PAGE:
The State Museum of the history of cosmonautics, the first in the world and the largest in Russia, was opened in 1967.
Take a stroll down the street and enjoy a sampling of the magnificant mural art that has recently taken over Moscow.
The Theatrical Canon - Russia
9 OTHER PLAYS CURATED BY SOULPEPPER ARTISTS AND LOCAL SCHOLARS TO READ AND ENJOY! INQUIRE ABOUT THESE TITLES AT YOUR LOCAL INDEPENDENT BOOKSHOP OR LIBRARY.
mercilessly lampoons the corrupt officials of an obscure
provincial town that is portrayed as a microcosm of the
The Storm is a drama in five acts. The Storm is a work of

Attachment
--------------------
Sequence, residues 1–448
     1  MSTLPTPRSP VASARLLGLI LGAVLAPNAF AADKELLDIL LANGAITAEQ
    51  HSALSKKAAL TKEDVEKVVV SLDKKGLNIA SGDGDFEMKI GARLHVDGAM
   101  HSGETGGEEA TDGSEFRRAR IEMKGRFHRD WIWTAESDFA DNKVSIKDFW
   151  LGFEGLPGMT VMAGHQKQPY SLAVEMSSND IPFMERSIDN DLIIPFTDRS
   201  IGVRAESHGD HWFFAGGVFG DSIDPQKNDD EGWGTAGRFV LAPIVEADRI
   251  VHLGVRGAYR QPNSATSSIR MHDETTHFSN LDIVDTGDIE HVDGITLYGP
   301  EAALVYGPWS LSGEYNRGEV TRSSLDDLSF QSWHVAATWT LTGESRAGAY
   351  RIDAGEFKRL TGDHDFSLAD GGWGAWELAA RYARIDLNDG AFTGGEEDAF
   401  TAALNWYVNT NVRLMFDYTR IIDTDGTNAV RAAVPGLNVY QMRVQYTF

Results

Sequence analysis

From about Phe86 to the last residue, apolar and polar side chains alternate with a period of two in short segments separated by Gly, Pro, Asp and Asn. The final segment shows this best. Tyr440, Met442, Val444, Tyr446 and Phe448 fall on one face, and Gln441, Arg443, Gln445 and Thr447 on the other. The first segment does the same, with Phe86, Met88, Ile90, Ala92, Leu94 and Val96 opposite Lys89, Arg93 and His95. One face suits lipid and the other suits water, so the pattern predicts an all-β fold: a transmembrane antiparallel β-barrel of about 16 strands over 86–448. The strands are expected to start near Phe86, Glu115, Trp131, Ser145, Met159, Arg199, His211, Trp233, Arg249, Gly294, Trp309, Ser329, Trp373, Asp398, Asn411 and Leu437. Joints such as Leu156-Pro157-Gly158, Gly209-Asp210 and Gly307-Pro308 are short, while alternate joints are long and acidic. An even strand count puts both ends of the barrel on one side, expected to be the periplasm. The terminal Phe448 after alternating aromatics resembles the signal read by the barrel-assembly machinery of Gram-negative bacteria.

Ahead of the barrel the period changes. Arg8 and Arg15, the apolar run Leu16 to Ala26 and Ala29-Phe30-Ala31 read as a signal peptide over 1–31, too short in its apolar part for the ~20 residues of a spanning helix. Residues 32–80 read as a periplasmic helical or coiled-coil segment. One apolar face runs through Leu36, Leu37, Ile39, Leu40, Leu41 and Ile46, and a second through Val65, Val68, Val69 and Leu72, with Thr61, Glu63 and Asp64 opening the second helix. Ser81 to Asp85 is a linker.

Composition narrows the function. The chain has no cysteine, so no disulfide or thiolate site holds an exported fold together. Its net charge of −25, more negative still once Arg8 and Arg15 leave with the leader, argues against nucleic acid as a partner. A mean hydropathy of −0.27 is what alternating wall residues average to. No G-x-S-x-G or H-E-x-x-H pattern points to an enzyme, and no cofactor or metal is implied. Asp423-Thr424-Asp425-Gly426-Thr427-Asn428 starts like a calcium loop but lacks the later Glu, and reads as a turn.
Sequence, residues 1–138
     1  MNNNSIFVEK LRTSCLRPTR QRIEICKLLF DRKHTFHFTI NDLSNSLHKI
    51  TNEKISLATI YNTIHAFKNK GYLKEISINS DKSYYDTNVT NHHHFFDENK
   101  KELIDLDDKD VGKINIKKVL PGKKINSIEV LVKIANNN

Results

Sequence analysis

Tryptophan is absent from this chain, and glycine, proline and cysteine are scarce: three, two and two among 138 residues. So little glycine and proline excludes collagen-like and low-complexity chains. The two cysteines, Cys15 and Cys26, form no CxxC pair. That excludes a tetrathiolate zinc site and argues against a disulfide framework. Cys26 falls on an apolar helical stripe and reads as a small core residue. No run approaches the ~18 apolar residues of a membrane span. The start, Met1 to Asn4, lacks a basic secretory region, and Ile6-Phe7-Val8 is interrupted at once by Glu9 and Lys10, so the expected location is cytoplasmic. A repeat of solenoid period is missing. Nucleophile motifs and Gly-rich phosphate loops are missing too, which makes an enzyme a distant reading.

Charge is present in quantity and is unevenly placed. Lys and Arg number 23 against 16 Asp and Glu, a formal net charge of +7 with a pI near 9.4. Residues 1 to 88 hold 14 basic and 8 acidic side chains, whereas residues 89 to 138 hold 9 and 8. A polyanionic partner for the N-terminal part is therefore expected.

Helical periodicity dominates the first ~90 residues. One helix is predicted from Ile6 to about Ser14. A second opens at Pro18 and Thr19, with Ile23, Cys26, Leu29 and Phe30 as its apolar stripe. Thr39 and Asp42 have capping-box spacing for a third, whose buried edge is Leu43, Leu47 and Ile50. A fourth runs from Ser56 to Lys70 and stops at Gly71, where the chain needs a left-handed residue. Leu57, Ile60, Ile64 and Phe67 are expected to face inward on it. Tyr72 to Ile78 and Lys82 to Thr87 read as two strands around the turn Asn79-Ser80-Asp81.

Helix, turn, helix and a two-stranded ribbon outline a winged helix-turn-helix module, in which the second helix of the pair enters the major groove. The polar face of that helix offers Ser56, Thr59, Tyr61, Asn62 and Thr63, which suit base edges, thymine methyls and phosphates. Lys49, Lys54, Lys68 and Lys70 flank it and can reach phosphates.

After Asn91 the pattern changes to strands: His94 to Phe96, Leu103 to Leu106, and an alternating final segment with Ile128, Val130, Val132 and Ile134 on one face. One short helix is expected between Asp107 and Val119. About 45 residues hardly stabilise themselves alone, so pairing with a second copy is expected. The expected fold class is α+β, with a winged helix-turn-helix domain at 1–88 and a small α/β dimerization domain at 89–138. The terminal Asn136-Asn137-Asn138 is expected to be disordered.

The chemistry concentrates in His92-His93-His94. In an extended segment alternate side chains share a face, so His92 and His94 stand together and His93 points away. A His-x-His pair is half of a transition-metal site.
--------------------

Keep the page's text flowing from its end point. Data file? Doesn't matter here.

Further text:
social criticism, which is directed particularly towards the
Russian merchant class.
Influenced by the works of Chekhov.
In a small Russian town at the turn of the century, three sisters
- Olga, Irina (Louise Purnell) and Masha - and their brother
Andrei live, but dream daily of their return to their former home
in Moscow, where life is charming, stimulating and meaningful.
But for now, they exist in a malaise of dissatisfaction.
returns to her family estate (which includes a large and well-known
cherry orchard) just before it is auctioned to pay the mortgage.
Unresponsive to offers to save the estate, she allows its sale to the
son of a former serf; the family leaves to the sound of the cherry
orchard being cut down.
when Natalya, a married woman, and Vera, her young ward, both fall